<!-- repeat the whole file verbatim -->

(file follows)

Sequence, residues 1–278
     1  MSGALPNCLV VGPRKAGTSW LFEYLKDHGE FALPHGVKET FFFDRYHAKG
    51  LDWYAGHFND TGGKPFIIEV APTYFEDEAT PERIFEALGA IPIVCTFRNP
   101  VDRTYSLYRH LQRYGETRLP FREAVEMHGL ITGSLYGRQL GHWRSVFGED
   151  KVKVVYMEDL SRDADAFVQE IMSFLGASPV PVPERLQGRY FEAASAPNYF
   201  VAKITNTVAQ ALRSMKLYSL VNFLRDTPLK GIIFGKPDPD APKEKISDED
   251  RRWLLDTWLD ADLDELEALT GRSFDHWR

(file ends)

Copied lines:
Sequence, residues 1–278
     1  MSGALPNCLV VGPRKAGTSW LFEYLKDHGE FALPHGVKET FFFDRYHAKG
    51  LDWYAGHFND TGGKPFIIEV APTYFEDEAT PERIFEALGA IPIVCTFRNP
   101  VDRTYSLYRH LQRYGETRLP FREAVEMHGL ITGSLYGRQL GHWRSVFGED
   151  KVKVVYMEDL SRDADAFVQE IMSFLGASPV PVPERLQGRY FEAASAPNYF
   201  VAKITNTVAQ ALRSMKLYSL VNFLRDTPLK GIIFGKPDPD APKEKISDED
   251  RRWLLDTWLD ADLDELEALT GRSFDHWR